From Our Readers
I have just reread your article “Is This Divorce Necessary?” (June 8, 1982) My husband has committed adultery, and I am now waiting for my divorce to go through. Your article describes exactly how the children and I feel. I shall pass this article on to my husband to read, hoping he’ll come home again. He’s been a good husband up to now. The basic trouble was lack of communication. Thank you for all your good work.
P. F., England
Our baby was three days old when I read your article “Johnny, Please Be Quiet!” (September 8, 1982) No better “food” could have been received at a more proper time. I’ve read the article four times already and keep it within reach so I can look it over again. It’s especially encouraging to read over at two o’clock in the morning when our little girl doesn’t want to go back to sleep. Thanks for a beautiful article.
R. D., South Carolina
How thankful I am to you for your recent article on crying babies. We have twin boys, now 15 months old, who cried constantly for six months. We had read similar advice and tried to follow it as much as we could. Now you’ve confirmed that we did the best for our babies. Although I wish I had had this magazine 15 months ago, it’s no less appreciated at this time. Please keep publishing helpful information for us parents so that we can raise our children in the right way.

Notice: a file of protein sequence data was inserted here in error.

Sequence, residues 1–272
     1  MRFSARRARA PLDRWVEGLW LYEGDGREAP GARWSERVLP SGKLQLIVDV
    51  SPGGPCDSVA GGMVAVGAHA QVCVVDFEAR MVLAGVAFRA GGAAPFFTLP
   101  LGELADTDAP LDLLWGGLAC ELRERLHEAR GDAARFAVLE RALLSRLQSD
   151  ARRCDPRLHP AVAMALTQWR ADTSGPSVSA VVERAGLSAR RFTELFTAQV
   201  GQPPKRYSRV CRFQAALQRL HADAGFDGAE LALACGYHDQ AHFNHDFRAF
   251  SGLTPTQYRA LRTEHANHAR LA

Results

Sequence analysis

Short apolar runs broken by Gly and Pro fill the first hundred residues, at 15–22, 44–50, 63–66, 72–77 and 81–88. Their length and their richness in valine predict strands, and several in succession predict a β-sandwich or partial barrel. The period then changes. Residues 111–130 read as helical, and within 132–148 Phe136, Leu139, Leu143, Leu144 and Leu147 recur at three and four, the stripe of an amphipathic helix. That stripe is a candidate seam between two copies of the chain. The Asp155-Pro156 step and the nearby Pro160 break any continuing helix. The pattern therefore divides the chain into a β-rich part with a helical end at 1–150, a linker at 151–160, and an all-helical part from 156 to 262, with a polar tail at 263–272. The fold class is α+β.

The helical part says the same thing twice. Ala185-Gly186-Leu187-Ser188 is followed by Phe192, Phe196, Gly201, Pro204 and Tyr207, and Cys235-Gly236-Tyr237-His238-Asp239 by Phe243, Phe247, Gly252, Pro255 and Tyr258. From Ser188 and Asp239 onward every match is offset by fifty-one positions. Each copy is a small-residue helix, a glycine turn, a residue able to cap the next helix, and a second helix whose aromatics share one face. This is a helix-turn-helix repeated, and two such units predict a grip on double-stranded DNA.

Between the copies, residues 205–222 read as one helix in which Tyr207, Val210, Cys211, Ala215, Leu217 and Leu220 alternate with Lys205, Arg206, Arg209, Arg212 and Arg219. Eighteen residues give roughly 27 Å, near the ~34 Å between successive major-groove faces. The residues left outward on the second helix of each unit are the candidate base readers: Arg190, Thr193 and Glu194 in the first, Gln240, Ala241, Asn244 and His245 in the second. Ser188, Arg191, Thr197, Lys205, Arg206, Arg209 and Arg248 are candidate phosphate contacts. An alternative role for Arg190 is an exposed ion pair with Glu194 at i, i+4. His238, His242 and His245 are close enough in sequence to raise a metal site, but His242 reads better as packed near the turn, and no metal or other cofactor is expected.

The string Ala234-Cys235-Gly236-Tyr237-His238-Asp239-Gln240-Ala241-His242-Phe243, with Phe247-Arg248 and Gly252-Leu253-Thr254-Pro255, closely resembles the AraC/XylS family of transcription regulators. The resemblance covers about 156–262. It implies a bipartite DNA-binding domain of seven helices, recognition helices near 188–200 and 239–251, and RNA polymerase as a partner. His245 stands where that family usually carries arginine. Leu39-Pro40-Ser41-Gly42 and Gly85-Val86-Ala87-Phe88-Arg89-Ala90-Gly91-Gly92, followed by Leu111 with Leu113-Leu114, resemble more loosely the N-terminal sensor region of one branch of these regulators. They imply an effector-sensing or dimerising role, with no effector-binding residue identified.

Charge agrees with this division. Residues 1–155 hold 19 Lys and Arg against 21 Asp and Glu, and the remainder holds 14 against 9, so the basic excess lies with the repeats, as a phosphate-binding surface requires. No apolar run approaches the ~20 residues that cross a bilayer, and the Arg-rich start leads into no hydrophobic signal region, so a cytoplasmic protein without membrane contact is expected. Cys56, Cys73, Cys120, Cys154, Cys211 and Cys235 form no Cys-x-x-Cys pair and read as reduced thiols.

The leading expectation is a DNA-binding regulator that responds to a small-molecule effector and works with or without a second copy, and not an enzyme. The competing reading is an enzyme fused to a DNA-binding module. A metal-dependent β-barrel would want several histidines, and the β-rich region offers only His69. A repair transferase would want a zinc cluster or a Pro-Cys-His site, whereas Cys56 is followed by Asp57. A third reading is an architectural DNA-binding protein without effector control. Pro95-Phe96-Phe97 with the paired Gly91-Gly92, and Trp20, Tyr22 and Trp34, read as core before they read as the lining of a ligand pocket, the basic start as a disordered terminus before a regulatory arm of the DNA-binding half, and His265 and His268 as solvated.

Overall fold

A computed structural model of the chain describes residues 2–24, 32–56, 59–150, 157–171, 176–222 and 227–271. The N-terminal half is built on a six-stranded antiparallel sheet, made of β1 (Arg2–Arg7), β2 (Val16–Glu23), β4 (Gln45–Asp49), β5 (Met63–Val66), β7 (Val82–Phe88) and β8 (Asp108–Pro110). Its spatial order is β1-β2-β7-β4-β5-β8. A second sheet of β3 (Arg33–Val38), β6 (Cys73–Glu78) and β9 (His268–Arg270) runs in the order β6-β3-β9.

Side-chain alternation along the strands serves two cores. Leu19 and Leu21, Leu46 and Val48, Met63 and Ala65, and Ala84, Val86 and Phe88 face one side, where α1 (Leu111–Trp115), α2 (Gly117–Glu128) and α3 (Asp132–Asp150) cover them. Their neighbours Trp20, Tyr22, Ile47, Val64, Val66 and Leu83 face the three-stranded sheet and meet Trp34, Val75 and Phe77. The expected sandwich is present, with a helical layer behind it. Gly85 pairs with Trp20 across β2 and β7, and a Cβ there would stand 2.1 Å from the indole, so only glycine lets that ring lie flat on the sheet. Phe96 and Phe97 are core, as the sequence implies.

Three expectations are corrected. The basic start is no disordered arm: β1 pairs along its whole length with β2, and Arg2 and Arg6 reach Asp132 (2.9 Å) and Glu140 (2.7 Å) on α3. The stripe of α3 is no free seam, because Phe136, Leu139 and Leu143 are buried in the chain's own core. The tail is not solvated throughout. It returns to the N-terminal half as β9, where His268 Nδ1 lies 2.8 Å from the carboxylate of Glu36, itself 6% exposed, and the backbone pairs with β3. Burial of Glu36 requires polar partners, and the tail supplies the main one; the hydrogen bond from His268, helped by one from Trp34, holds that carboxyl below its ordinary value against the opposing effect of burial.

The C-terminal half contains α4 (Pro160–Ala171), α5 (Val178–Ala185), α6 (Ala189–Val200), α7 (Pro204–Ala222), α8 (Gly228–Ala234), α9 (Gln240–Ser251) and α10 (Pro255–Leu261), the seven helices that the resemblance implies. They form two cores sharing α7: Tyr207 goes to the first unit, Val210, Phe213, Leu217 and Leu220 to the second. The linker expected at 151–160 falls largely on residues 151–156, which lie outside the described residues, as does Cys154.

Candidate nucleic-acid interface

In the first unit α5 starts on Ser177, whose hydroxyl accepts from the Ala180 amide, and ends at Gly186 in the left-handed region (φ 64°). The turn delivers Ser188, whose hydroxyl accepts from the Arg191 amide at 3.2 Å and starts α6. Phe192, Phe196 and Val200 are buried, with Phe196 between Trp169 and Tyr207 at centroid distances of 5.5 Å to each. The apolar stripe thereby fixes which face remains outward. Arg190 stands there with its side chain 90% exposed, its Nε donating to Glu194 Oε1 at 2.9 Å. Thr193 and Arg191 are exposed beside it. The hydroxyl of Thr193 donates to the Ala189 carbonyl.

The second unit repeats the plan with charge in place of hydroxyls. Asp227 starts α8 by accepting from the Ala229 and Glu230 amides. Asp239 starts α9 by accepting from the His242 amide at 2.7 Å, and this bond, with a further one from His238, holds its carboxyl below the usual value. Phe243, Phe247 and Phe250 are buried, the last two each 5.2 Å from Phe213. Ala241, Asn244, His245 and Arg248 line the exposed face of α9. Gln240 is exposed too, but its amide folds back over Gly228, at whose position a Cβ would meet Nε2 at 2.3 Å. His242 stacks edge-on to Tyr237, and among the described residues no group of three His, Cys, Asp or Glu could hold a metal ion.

J. F., Florida
I really appreciated the article “Johnny, Please Be Quiet!” I especially liked the part telling of Jesus’ mother wrapping her newborn in cloth bands to soothe him. I had a baby a few weeks ago. The first night home was tiring, the baby would not sleep. So as a last resort I wrapped her up in a blanket and she slept like a lamb. And she’s been resting well ever since. I also liked the thought that a baby’s crying is its communication to its parents.
Y. G., Florida
In the article “Johnny, Please Be Quiet!” mention was made of showing affection to the child. Among other accepted expressions of affection “tickling” was suggested. Some time ago I discussed with a pediatrician the subject of tickling a child. He emphatically stated, “Tickling a child is child abuse.” Perhaps further inquiries would cast more light on the subject.
M. J., Ohio
We agree that intensive and excessive tickling of a child so as to overexcite and even torment it would be child abuse. Not so, however, with a little playful caressing and tickling as mentioned in the article. Such would be good fun for the child, giving it a feeling of being loved.—ED.